Johann Heinrich Jung

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Johann Heinrich Jung (12 September 1740, Grund – 2 April 1817, Karlsruhe), best known by his assumed name of Heinrich Stilling, was a German author.


He was born in the village of Grund (now part of Hilchenbach) in Westphalia. His father, Wilhelm Jung, schoolmaster and tailor, was the son of Eberhard Jung, charcoal burner, and his mother was Johanna Dorothea née Fischer (aka Dortchen), daughter of a poor clergyman preacher, alchemist: Moritz Fischer. Jung became at his father's wish schoolmaster and tailor.

After various teaching appointments he went in 1768 to study medicine at the University of Strasbourg. There he met Goethe, who introduced him to Herder. The acquaintance with Goethe ripened into friendship; and it was by his influence and assistance that Jung's first work, Heinrich Stillings Jugend, was written. In the second volume of his Aus Meinem Leben, Goethe discusses Jung. In 1772 Jung settled at Elberfeld as physician and oculist, and soon became celebrated for operations in cases of cataract. In 1778 he accepted the appointment as lecturer on agriculture, technology, commerce and the veterinary art in the newly established Kameralschule at Kaiserslautern, a post which he continued to hold when the school was absorbed in the University of Heidelberg.

In 1787, he was appointed professor of economic, financial and statistical science at the University of Marburg. In 1803, he resigned his professorship and returned to Heidelberg, where he remained until 1806, when he received a pension from the grand-duke, Charles Frederick of Baden, and moved to Karlsruhe, where he remained until his death in 1817.

He has been described as "an able defender of Christianity against German rationalism [and] an ardent and eminent Universalist."[1] A Professor Tholuck wrote in 1835 that the doctrine of universalism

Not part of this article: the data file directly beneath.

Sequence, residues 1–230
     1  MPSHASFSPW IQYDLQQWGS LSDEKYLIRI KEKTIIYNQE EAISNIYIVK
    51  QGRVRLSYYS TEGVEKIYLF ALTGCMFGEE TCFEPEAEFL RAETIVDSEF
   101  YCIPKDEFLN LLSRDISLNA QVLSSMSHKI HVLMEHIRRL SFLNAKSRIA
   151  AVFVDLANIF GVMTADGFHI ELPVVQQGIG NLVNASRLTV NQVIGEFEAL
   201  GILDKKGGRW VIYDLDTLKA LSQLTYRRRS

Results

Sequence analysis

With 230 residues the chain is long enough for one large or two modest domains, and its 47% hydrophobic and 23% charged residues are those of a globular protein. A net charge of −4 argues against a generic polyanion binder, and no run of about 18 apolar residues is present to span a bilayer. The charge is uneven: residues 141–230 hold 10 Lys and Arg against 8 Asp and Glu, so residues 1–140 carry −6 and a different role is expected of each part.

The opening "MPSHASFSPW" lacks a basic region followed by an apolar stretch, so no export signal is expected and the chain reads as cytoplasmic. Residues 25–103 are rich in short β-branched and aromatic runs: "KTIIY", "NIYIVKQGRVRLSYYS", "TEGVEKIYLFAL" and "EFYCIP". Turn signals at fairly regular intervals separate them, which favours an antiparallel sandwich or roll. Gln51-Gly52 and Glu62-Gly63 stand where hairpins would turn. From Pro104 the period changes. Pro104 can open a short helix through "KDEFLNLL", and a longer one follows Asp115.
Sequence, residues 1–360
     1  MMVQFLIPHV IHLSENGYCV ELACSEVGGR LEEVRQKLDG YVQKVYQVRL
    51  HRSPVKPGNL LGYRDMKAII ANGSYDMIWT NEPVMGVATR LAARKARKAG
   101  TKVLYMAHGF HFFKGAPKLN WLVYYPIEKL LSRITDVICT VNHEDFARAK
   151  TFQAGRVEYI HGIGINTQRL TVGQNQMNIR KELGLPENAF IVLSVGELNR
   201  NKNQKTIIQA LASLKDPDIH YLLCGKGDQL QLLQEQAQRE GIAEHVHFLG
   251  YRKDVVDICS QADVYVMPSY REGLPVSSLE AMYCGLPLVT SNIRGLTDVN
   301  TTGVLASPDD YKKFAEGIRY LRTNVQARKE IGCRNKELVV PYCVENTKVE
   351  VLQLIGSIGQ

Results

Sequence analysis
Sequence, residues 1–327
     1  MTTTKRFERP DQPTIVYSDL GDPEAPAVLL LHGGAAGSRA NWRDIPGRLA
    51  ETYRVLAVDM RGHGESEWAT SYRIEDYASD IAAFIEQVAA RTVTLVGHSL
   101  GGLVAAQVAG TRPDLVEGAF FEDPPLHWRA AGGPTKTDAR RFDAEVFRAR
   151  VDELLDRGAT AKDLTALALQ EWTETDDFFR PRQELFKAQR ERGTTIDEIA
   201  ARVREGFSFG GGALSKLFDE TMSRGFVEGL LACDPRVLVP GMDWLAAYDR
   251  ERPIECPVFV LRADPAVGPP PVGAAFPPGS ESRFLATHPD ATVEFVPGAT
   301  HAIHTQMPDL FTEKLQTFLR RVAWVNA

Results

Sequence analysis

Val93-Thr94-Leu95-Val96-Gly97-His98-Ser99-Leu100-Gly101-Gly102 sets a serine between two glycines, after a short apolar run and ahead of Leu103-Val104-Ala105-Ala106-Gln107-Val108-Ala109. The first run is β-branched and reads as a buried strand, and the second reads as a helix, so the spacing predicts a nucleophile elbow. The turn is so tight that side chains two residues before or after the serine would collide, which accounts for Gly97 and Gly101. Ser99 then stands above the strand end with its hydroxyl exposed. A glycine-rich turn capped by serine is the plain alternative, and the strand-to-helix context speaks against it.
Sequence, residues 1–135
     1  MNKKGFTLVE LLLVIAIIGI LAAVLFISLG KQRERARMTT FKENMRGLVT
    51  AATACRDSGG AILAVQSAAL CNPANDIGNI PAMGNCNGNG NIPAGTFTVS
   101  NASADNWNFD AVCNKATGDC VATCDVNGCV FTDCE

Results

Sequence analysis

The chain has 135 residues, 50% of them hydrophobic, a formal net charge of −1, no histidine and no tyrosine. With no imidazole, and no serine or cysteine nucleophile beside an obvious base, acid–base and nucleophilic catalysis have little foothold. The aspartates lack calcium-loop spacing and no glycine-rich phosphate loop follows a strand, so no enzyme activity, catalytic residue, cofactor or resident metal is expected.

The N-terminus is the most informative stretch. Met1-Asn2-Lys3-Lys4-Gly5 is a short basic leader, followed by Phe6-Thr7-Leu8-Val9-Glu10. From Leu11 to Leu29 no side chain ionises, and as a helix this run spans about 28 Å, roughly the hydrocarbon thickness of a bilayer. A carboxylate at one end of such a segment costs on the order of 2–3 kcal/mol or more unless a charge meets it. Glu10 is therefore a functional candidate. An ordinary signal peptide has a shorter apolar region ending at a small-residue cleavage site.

"came particularly into notice through Jung-Stilling, that eminent man who was a particular instrument in the hand of God for keeping up evangelical truth in the latter part of the former century, and at the same time a strong patron to that doctrine."[1]

He was married three times, and left a numerous family.


Schopenhauer referred to Jung-Stilling in his example of how rational humans, unlike irrational animals, are prone to error. People can use, according to Schopenhauer, abstract ideas to make other people do anything they wish.

"In the year 1818 seven thousand Chiliasts moved from Würtemberg into the neighborhood of Ararat, because the new kingdom of God, specially announced by Jung-Stilling, was to appear there."[2][3]


His autobiography "Heinrich Stillings Leben," from which he came to be known as Stilling, is the chief authority for his life. His early novels reflect the piety of his early surroundings. A complete edition of his numerous works, in 14 vols. was published at Stuttgart in 1835–1838.

There are English translations by Samuel Jackson of the Leben (1835) and of the Theorie der Geisterkunde (London, 1834, and New York, 1851); and of Theobald, or the Fanatic, a religious romance, by the Rev. Samuel Schaeffer (1846).

The original German Der Graue Mann (1795), was translated into Russian as Угроз Световостоков (Ugroz svetovostokov) (1806), which was translated from Russian and published in English as The Man in the Grey Suit (2002).


  1. 1.0 1.1 Rev. John McClintock and James Strong. Cyclopedia of Biblical, Theological, and Ecclesiastical Literature. Volume 10, 1895, pp. 109–33.
  2. The World as Will and Representation, Volume 2, Chapter 6.
  3. Schopenhauer cited Christian Friedrich Illgen's Zeitschrift für historische Theologie, 1839, first part, p. 182.


Further reading

Biographies by F. W. Bodemann (1868), J. V. Ewald (1817), Peterson (1890).

External links